Greg Mulholland: Dangerous drivers must face full force of the law

Karen Still comforts her daughter Rebecca whose brother Jamie was killed in Otley in an accident which has prompted calls for motoring laws to be tightened.

Karen Still comforts her daughter Rebecca whose brother Jamie was killed in Otley in an accident which has prompted calls for motoring laws to be tightened.

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IN 2014-15, 389 people were killed in England and Wales alone owing to dangerous driving. In too many of those cases – and in even more in which lesser charges have been brought – victims of those serious crimes and their families have been badly let down. We therefore need a number of changes to ensure that proper justice can be delivered in the future.

I speak on behalf of many families across the country. I have had two awful cases in my constituency: that of 16-year-old Jamie Still, who was killed by a reckless criminal driver on New Year’s Eve in 2010 in Otley, and that of David and Dorothy Metcalf from Cookridge, who were killed in January 2012. I dedicate this Bill to the memories of Jamie, David and Dorothy, and all who have lost their lives as a result of these serious crimes.

The changes being proposed come from a meeting of families of people across the country who have been killed in accidents, constituency MPs and the road safety charity Brake. Our manifesto “Better Justice for Victims of Criminal Driving and Their Families” suggests a number of changes.

First, the distinction between “careless” and “dangerous” driving is false and unhelpful, often coming down to the slight and subjective difference between someone’s driving falling below or well below what is expected of a careful and competent driver.

The problem is that in too many cases people are simply given the lesser charge of causing death or injury by careless driving rather than by dangerous driving because it is easier for prosecutors to seek a conviction. The difference in penalties between these charges is huge: it is maximum of a five years for causing death by careless driving, compared with up to 14 years for causing death by dangerous driving.

The simple reality is that “careless” is an inappropriate and offensive term to use for criminally bad driving, particularly where it has resulted in horrendous suffering. Even driving that falls only slightly below the standards – a momentary lapse of concentration – may be careless, but it is still dangerous.

Careless driving, a charge that was opposed by Brake in the first place, has institutionalised dishonesty in our justice system, and that needs to be rectified. The use of the term “careless” makes a value judgment about the intention of the perpetrator – it is not factual.

Calling driving that falls below any standard “dangerous” is factual, because such driving is dangerous. The Bill is not calling for us to get rid of a lesser sentence only for a higher one; it is calling for us to scrap both charges for a system where all dangerous driving is regarded as a category of offence that can have the minimum or the maximum sentence. That would give judges the discretion; at the moment, their hands are tied once a lesser charge has been brought to the courts, and families are being failed up and down the country.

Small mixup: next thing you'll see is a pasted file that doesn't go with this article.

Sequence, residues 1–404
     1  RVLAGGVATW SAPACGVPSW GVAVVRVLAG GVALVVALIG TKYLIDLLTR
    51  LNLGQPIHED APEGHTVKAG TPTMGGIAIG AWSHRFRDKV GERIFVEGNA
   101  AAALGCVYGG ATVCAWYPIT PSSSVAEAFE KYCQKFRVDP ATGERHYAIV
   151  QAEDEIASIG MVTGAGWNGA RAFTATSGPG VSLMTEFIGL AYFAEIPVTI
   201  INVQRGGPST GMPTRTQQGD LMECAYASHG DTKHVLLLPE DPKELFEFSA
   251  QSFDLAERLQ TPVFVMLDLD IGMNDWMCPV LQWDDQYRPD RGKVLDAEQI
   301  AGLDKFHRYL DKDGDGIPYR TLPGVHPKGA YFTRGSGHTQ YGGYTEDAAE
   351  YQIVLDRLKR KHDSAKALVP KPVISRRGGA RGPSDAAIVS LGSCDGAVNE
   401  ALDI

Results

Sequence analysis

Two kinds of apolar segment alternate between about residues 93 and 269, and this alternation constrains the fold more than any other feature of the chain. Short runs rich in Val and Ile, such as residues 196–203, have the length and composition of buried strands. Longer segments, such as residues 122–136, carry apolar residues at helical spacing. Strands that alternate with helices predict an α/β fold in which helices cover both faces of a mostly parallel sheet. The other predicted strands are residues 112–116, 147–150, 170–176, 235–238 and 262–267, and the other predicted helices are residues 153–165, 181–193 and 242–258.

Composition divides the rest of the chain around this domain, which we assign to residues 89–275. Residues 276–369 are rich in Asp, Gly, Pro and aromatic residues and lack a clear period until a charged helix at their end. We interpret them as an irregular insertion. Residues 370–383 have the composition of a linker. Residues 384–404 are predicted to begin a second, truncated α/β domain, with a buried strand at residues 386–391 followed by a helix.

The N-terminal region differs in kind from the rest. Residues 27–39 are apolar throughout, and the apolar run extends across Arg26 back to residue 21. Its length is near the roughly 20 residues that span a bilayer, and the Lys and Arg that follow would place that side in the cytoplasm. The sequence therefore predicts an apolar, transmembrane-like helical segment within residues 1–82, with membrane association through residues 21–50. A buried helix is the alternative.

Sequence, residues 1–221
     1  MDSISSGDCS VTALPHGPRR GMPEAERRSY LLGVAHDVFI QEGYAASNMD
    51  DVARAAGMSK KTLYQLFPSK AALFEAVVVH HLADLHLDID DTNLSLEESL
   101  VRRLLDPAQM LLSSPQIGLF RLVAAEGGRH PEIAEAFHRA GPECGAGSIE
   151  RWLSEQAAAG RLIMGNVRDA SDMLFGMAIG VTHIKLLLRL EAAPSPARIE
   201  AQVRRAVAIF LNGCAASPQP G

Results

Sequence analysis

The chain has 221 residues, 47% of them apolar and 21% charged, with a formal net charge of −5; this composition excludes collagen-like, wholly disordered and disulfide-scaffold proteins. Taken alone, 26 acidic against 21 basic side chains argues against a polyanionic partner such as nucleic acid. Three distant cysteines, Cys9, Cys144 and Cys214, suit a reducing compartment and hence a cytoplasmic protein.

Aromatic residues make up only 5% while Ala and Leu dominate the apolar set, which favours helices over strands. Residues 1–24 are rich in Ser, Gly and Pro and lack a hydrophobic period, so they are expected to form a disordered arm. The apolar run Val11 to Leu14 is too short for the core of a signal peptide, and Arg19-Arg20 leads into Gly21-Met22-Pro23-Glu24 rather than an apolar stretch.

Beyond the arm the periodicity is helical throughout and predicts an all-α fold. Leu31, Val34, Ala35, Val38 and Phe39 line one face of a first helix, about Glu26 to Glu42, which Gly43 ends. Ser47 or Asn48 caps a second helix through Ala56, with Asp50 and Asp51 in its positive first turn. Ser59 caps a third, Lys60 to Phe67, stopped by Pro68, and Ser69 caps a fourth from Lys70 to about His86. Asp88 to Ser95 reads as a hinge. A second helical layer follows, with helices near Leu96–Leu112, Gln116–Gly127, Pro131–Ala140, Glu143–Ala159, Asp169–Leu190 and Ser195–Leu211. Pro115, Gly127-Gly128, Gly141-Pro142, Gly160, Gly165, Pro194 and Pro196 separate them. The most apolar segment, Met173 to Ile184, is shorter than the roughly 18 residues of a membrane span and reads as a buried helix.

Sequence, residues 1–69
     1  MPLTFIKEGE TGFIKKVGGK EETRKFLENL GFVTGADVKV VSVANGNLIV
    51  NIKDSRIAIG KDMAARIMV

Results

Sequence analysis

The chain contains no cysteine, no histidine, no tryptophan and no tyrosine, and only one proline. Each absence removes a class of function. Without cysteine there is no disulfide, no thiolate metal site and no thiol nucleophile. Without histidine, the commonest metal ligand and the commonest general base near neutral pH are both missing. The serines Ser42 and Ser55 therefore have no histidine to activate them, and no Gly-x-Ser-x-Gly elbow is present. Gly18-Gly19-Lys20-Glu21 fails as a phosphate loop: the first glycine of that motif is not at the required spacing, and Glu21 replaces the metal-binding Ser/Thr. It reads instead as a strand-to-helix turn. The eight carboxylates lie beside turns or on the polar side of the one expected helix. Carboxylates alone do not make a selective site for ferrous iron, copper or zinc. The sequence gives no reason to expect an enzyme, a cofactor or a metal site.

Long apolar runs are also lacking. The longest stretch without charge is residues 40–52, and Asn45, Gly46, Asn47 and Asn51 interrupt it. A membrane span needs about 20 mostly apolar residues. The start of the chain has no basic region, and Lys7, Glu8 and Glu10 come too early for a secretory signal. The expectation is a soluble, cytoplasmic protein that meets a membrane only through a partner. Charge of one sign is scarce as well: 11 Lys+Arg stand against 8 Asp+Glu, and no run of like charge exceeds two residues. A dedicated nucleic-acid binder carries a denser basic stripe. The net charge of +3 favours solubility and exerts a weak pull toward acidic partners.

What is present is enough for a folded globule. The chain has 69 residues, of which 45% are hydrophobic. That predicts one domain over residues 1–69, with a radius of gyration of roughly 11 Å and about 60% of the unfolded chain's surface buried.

We also need to examine sentencing and the fact that too few high sentences are given out. Last year, the Government rightly introduced a new offence of causing serious injury while dangerous driving – in the past, that had been missed out – but this new charge should carry a maximum penalty of 14 years. The cost of care as well as the devastation for people who are seriously injured and can never work again, and in some cases can never speak or operate normally again, needs to be taken just as seriously as causing death by dangerous driving.

Drivers who kill while under the influence of drugs or drink can face up to 14 years in jail. However, there is a perversity, which is that if the driver flees a scene to sober up, that crime can be impossible to prove, leaving only a hit-and-run offence. That has the absurdity of incentivising drink and drug drivers to flee the scene and obstruct justice.

Hit-and-run drivers should face the same maximum penalties as other drivers who kill and seriously injure, with an assumption that if they flee the scene they must have a reason to do so, which suggests guilt.

We also need to look at the automatic suspension of a driving licence – or, at the very least, a presumption of suspension of a driving licence – as a condition of bail in cases of dangerous and careless drivers who seriously injure or kill. In the case of Jamie Still, the perpetrator of that crime was driving for nine months in the very town in which he killed the 16-year-old. What must it have felt like for the family to see him driving along the same road on which Jamie was killed? That is happening in too many cases.

In cases where charges of criminal driving are brought, the victims must be treated by all parts of the judicial system as victims of crime.

Currently, that is not the case, and they are often not given the same support as victims of other crimes, even though the devastation is exactly the same as that of any case of manslaughter.

We need changes throughout the system. In the end, we must see, by next year, a change across the board so that we can at last deliver justice for victims and their families.

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